Modern library classification is knowledge classification as applied to books and other packages of information. Micro documents: Compared to macro documents such as books, monographs, micro documents are small packages of information and knowledge such as journal articles, conference papers, or brief research reports. Micro subjects have more intension and less extension. They require depth classification for their organisation and retrieval.21 Porphyry Tree: Dichotomous method of classification invented by the Greek philosopher Porphyry (232-304AD). It divides the universe into two antithetical groups at every step of division, e.g., Male, Female; Metals, Non-metals; Organic, Inorganic. WASPish bias: Western, Anglo-Saxon Protestant bias in the DDC and other western library classifications. 8. Further Readings Buchannan, Brian. 1979. Theory of Library Classification. London: Bingley, pp.a- 15. Chan, Lois Mai .2007. Cataloguing and Classification : An Introduction. 3 rd ed. Lanham, MD: The Scarecrow Press, 309-312. Comaromi, John and Satija, M.P. 1985 “History of Indianisation of the DDC” Libri 35(I) : 1-20. Hunter, Eric J.2009.Classifcation Made Simple,3rd ed. Burlington, VT: Ashgate Publishing, 1-8,127-142. Krishan Kumar. 2004. The Theory of Classification. New Delhi: Vikas, pp. 1-13. Maltby, Arthur. 1975. Sayers Manual of Classification for Librarians, 5 th ed. London: Andre Deutsch, pp. 15-28. Maltby, Arthur. 1976. Classification in the 1970s, Rev ed. London: Clive Bingley, pp. 9-24.22 Mills, J. 1962, A Modern Outline of Library Classification. Bombay: Asia, pp. 1-6 Palmer, B. I.1962. Itself an Education: Six Lectures on Classification. London: The Library Association (now CILIP) ,pp1-15 Parkhi, R.S. 1972. Library Classification: Evolution of a Dynamic Theory. Delhi: Vikas, pp. 52-101 Philip, H.W.1961 A Primer of Book Classification, 5th ed. London: AAL, pp. 9-20 Ranganathan, S.R. 1967.Prolegomena to Library Classification, 3rd ed. Bombay, Asia, pp. 543-549. Ranganathan, S.R. 1989 Elements of Library Classification, 2 nd ed. Ed by B.I. Palmer. New Delhi: UBSPD, pp. 1-10. Satija M.P. 1998. “Classification: some Fundamentals some Myths” Knowledge Org 25 (1-2) : 32-35 Satija, M.P. 2000. Classification: An essay in Terminology Knowledge Org 27(4): 221-229. Satija, M.P. 2004. A Dictionary of Knowledge Organization. Amritsar : Guru Nanak Dev University, 248 p. Satija, M.P. 2009. “Users interest classification: Guest editorial”. SRELS Jl. of Inf. Mgmt. 46 (4): 353-354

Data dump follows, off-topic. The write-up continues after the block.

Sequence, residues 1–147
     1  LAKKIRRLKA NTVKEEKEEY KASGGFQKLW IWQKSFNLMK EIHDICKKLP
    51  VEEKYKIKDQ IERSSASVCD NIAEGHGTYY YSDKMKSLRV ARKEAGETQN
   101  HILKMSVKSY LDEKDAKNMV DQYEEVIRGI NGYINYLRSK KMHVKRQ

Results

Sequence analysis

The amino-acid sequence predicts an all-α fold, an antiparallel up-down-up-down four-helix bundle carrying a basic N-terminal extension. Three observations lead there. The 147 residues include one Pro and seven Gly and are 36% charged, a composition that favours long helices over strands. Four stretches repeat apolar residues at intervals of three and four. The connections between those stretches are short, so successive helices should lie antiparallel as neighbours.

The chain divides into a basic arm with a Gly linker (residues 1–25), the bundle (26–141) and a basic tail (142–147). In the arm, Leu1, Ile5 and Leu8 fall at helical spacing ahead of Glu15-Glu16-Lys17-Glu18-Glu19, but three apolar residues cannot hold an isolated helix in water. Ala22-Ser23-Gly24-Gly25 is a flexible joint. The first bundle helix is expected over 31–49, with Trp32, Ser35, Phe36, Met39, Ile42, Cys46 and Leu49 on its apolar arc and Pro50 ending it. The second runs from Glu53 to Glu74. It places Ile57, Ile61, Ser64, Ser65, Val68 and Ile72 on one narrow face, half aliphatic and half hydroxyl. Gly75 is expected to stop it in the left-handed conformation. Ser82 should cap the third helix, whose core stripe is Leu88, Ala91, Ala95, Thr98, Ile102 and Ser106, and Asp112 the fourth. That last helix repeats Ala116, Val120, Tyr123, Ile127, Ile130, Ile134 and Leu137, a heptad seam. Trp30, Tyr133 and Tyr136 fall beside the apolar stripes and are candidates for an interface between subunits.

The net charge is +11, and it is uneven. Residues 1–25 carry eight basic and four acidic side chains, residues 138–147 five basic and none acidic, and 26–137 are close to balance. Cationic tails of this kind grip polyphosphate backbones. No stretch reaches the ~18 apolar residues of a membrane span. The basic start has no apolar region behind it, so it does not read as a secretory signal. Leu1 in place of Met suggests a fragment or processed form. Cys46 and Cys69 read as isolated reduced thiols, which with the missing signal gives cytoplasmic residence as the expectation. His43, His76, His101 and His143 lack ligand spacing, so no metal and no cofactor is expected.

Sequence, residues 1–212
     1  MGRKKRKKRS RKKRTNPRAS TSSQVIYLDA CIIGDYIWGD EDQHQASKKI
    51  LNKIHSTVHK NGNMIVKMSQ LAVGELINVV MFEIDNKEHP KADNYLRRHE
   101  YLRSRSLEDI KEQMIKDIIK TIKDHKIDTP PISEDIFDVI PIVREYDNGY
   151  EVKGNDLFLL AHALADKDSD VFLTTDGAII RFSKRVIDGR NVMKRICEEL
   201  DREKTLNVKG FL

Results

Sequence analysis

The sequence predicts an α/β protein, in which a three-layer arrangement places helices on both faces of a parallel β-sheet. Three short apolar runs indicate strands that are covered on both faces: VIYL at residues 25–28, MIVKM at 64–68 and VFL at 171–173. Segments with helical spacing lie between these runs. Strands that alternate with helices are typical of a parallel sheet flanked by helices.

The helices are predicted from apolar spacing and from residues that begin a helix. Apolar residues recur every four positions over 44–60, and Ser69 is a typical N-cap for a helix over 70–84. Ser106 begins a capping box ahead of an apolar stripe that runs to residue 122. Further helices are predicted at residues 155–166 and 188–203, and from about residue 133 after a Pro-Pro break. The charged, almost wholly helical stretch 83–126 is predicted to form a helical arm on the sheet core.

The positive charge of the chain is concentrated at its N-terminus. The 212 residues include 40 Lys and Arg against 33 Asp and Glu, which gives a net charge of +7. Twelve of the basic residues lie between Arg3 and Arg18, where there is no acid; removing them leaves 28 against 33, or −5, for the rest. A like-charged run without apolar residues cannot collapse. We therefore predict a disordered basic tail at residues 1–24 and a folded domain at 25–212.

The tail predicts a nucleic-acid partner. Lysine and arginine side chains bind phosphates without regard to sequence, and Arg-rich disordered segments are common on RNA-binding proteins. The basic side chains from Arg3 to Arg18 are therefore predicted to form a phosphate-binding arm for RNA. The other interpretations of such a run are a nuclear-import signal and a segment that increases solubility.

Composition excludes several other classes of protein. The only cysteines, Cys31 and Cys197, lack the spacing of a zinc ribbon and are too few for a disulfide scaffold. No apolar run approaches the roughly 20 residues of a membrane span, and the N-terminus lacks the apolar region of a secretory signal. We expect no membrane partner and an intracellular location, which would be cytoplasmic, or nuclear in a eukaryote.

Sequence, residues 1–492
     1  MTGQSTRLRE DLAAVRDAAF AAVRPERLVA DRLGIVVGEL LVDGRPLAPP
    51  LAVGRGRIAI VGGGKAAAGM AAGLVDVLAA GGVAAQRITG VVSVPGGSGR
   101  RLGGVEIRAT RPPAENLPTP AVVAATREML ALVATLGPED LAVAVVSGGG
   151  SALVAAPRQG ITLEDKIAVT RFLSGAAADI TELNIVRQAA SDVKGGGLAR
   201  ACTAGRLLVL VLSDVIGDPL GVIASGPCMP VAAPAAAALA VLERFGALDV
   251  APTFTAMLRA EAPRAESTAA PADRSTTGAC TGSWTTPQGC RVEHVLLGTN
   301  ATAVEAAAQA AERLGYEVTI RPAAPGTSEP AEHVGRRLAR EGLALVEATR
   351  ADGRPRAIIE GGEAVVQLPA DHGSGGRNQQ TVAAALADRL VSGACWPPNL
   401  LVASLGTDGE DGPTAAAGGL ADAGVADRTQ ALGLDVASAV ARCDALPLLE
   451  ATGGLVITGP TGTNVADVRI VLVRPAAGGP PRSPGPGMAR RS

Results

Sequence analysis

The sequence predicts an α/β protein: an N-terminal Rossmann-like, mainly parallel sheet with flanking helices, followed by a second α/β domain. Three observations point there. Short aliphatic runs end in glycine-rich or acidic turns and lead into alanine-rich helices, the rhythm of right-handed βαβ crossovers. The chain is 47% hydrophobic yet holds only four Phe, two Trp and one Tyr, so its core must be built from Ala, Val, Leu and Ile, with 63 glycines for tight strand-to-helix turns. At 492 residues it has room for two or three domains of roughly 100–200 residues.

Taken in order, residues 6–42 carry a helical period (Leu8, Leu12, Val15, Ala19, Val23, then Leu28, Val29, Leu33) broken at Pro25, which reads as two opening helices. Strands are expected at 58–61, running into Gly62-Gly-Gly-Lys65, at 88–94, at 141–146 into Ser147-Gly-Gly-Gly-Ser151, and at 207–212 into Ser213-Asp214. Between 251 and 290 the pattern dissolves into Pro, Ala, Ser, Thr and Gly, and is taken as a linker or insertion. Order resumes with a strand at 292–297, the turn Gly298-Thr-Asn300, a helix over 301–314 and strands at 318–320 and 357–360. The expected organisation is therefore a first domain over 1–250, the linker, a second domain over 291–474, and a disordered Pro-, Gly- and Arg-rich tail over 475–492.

1. Which is not the function of Library Classification?